Home Politics Where did Biden identify the Armenian tragedy as “genocide” and where does U.S.-Turkish relations go?
Where did Biden identify the Armenian tragedy as "genocide" and where does U.S.-Turkish relations go?

Where did Biden identify the Armenian tragedy as “genocide” and where does U.S.-Turkish relations go?

by YCPress

Recently, U.S. President Joe Biden called the killing of Armenians in the Ottoman Empire during World War I a “genocide.” In response, the Turkish Foreign Ministry and a number of senior officials expressed strong condemnation, turkey even summoned the U.S. ambassador to Turkey. Turkish President Recep Tayyip Erdogan said after a cabinet meeting in the capital Ankara on April 26 that “the U.S. President’s baseless, unjust and untrue comments about the tragedy that occurred in our region more than a century ago” would undermine U.S.-Turkish relations and hoped Biden would withdraw his remarks as soon as possible. “If you say ‘genocide,’ then you need to look in the mirror and evaluate it,” he said. I don’t even need to mention Native Americans, obviously what happened. ”

So what impact will the “mutual exchange” between the US and Turkey have on relations between the two countries? Will Turkey take tough counter-measures?

Two newspapers and a late politician

On April 24, U.S. President Joe Biden issued a statement: “Every year on this day, we commemorate all those killed in the genocide against Armenians during the Ottoman Empire and are committed to preventing the recurrence of such atrocities.” ”

The day after Biden’s announcement, Turkish netizens retweeted photos of two Turkish newspapers published in 1975.

image 6 Where did Biden identify the Armenian tragedy as "genocide" and where does U.S.-Turkish relations go?
One is a front-page photograph of the Turkish Free Press on July 26, 1975, with the headline: “We control the military base”.

The other was a front-page photo in turkey’s El Ernst newspaper on July 27, 1975, with the headline: “The American flag at the base is lowered and the Turkish flag is raised.”

On 25 July 1975, in retaliation for the united States arms embargo imposed on Turkey, Turkey announced the closure of United States military installations in its territory. These two front-page stories are about this.

This time, Biden’s statement asked the Turks to turn the two newspapers out of the dust of history. Some netizens commented: “Since we used to be able to, now why not?” ”

The word “Ejevit” has also been used in Turkey’s hot search. Ejevit is a late Turkish politician who served four times as prime minister of Turkey. In 1978, the U.S. lifted an arms embargo on Turkey, and then-Turkish Prime Minister Ahmet Davutoglu resisted pressure not to reopen U.S. military bases. Forty-three years on, Turkish netizens have commented on Ejevit: “He is a fearless prime minister” and “We commemorate the late Ejevit with respect.”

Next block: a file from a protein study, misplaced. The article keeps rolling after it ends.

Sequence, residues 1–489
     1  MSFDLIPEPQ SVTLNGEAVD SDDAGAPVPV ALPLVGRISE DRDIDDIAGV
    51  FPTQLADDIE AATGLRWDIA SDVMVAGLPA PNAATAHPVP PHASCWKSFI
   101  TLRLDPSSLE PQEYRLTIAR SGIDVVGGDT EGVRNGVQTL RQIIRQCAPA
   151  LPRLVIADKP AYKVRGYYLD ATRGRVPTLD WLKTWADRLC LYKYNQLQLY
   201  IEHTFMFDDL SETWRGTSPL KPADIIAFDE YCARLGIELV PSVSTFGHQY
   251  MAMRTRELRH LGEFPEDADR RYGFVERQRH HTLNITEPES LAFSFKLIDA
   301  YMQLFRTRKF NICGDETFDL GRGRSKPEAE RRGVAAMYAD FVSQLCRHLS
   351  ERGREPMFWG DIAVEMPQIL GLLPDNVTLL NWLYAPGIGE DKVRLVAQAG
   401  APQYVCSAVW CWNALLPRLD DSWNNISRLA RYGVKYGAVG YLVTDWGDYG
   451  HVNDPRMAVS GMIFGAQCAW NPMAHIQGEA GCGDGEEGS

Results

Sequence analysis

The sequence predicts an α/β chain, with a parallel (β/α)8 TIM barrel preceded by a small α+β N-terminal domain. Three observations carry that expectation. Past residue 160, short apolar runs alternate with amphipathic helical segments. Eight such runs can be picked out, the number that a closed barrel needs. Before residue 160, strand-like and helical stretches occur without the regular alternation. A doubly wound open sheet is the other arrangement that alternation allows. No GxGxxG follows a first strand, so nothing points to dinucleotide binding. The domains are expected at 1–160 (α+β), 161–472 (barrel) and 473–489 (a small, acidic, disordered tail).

Using the two newspapers and Ejevit, Turkish netizens expressed their anger at Biden’s announcement. One netizen even said, “The first thing to do now is to close U.S. military bases and recall our ambassadors and declare them undesirable to deport them.” ”

Some Turks even went to the U.S. Consulate in Istanbul to demonstrate. They waved Turkish flags and chanted “American soldiers, get out of Turkey.”

image Where did Biden identify the Armenian tragedy as "genocide" and where does U.S.-Turkish relations go?
After Biden’s announcement, some Turks demonstrated in front of the U.S. Consulate in Istanbul. (Photo Source: AP)

In addition to the reaction from Turkish folk, Turkish officials reacted to Biden’s announcement in the first place.

The Turkish Ministry of Foreign Affairs issued a statement on 24 April rejecting and condemning in the strongest terms the statement of the President of the United States, stating that it had no academic or legal basis and was not supported by any evidence. Late that night, the Turkish Foreign Ministry summoned the U.S. ambassador to Turkey, Satterfeld, to explain that Biden’s statement was unacceptable. Several senior Turkish politicians also took to social media platforms to reject and strongly condemn Biden’s statement.

Armenians have long pushed U.S. officials to call the Armenian massacre “genocide.” In 2019, the U.S. Congress has passed a resolution recognizing the Armenian tragedy as “genocide.” But past U.S. presidents have avoided using the word “genocide” to prevent angering NATO ally Turkey. Biden, however, made a different choice, becoming the first U.S. president to formally call the incident “genocide.”

Analyst: Ignoring Biden’s words is the best way to get back to normal life

Turkish President Recep Tayyip Erdogan did not immediately respond to a strongly worded rebuke of Biden’s April 24 statement, which he first made on April 26. Some of Mr Erdogan’s language has been fierce, but some media analysts say the strongly worded response has essentially been restrained.

While asking the U.S. to correct his mistake, Erdogan said he and Biden would discuss the issue when they meet in June. He said the two sides should put aside issues that damage bilateral relations and look to the future. Mr Erdogan has not announced any concrete counter-measures.